Cristi Sullivan skies the glades at Red Mountain. Pam LeBlanc photo

I love the modesty of Red Mountain.

While every other ski resort I’ve ever visited (and I’ve been to at least 25 places, from Aspen to Wolf Creek) tells me why I should get my turns there, Red Mountain does the opposite.

In 2010, they created a video titled “Red Sucks,” during which an obviously hung-over guy in a business suit laments “this crappy ski hill I’m staying at,” and complains about the slow lifts (well, maybe a little, but who cares), the crowded slopes (far from it) and the “fake trees” (they are not). It went viral and it’s hilarious. (Watch it at

Since then they’ve opened a modern and affordable hostel at the base of the mountain that’s called The Nowhere Special hostel. (It is quite special.) And I overheard last night that they’re considering a new marketing campaign dubbed “Nothing to See Here.”

It all fits the personality of the place. It’s huge, full of powder stashes, free from crowds, and the town of Rossland, a 5-minute drive from the mountain, started as an actual mining town, so it’s got real grit and character. (Plus an amazing chocolate shop and a wonderful little museum.)

I caught one of the first chairs up the mountain at 9 a.m. yesterday and skied until after 3 p.m., and just grazed the surface. Glades, secret cabins in the woods, trees encrusted with snow and wearing furry green coats of lichen – it’s not like anyplace I’ve been before.

I’m not done with this mountain yet. I’ve got more terrain to explore, and more post-slopeside fun to find. One my list after I pop off my boots? A trip to the Rossland Beer Company in town, followed by dinner at the Flying Steamshovel, built at the site of the crash of an early version of a helicopter.

 Drue Kerns and Cristi Sullivan relax in a wooden, barrel-shaped sauna at the Josie Hotel at Red Mountain. Pam LeBlanc photo

Without further ado, things I love (so far) about Red Mountain Resort in Rossland, British Columbia:


  1. The “snow host” program. Local skiers and snowboarders have given free mountain tours to visitors daily for the last 40 years. Just head to the base area to meet one at 9 a.m. or 12:30 p.m. It might be a few folks in your group, or it might be just you. Seriously, do this. It’s fantastic.


  1. Powder stashes. Red Mountain Resort is the first stop on what’s known as the Powder Highway, and it’s known for never ending pow.


  1. No crowds. All that pow and so few people translate into what’s known locally as Powder Per Person, or PPP. “You get up there and it’s like you’re the only person on the mountain,” says Kylie Lakevold of Rossland Tourism, who grew up in this area and brought me to dinner (Canadian pickerel and champagne marinated mushrooms!) at Gabriella’s. “You can always find something that hasn’t been skied yet.”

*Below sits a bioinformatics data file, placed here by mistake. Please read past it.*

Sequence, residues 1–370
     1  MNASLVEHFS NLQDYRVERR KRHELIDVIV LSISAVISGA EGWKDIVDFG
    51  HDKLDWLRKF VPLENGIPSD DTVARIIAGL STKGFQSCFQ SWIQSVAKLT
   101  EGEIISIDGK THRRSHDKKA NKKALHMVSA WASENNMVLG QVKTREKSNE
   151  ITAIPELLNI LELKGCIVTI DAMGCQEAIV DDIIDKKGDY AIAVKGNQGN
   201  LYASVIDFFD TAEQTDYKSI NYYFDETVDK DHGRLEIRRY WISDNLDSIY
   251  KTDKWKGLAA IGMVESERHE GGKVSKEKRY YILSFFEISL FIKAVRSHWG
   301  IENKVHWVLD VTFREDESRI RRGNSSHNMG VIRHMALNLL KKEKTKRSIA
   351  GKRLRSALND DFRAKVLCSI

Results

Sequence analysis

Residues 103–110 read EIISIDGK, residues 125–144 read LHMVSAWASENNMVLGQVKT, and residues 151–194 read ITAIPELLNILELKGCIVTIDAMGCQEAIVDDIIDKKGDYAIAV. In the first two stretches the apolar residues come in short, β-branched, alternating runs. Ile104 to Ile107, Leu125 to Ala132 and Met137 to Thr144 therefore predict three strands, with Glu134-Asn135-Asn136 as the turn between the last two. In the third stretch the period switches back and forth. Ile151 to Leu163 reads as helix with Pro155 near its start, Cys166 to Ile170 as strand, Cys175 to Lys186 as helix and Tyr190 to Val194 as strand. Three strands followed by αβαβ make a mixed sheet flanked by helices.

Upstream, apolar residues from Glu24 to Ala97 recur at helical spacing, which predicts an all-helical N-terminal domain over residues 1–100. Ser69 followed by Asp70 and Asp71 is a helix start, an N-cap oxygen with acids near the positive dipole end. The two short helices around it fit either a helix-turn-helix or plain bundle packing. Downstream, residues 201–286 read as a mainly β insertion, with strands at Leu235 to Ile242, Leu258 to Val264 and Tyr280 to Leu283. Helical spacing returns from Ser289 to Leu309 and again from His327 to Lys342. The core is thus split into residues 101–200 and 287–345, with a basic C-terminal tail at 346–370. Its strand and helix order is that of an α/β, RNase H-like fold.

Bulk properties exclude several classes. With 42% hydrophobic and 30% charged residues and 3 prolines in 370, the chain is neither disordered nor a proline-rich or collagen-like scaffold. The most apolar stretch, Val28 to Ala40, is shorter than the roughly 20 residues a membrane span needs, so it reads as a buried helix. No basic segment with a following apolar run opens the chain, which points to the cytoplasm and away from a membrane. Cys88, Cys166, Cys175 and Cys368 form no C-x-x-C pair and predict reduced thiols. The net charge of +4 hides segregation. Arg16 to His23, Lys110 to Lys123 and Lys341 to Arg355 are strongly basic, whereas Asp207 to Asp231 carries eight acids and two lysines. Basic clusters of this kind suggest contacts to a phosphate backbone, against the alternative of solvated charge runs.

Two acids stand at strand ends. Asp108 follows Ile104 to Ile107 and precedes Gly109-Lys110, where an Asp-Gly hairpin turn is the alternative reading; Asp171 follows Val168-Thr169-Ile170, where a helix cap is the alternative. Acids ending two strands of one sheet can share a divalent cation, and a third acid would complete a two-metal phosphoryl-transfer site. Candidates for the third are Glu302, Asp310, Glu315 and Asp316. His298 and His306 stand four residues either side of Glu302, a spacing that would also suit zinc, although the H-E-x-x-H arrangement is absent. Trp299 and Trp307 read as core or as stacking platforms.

1. Great

    Staghorn lichen grows on tree trunks on the mountain. Pam LeBlanc photo

    terrain. The mountain spans 3,850 skiable acres with eight lifts. The breakdown? 17 percent beginner, 34 percent intermediate, 23 percent advanced and 26 percent expert. I peeked over the edge of some of the gnarliest couliers I’ve ever seen – and then backed carefully away.


  1. The wooden, barrel-shaped saunas located on the back steps of the fabulous Josie Hotel at the base. After a day of skiing, change into a swimsuit, wrap yourself in a robe (provided), and slip inside one of these cozy, steam-filled cocoons, where you can heat up your sore muscles and look out a round, bubble-shaped window at the mountain.


  1. The glades! Red is known for its glade skiing, and in some areas the lower branches have been trimmed off the trees. That makes it easy to slice and dice your way through zippy little tree-packed swathes without getting hung up on twigs and berries.


  1. The Nowhere Special Hostel. This modern, industrial-looking hostel opened two years ago and offers a super affordable option for staying right at the base. (Think lift ticket and bed for less than $150 per night.)


  1. Stories about the Winter Carnival , the oldest winter carnival in Canada (and there are lots of them) held here each January. A highlight of that event is the bobsled race, in which locals make homemade bobsleds out of everything from canoes and cardboard boxes to old snowmobiles, then race them down the steepest street in town.


  1. Summer in Rossland. Winter’s a bigger draw, but this area is known as the mountain biking capital of Canada. More than 200 kilometers of single track crisscrosses the mountains here. Explore Magazine named it the number one outdoor town in Canada.



  1. The Exchange rate! A Canadian dollar is worth about 75 cents to the American dollar. It’s like getting everything on sale!



About Pam

I’m Pam LeBlanc. Follow my blog to keep up with the best in outdoor travel and adventure. Thanks for visiting my site.

Where is Pam?

Click to open a larger map

Follow Pam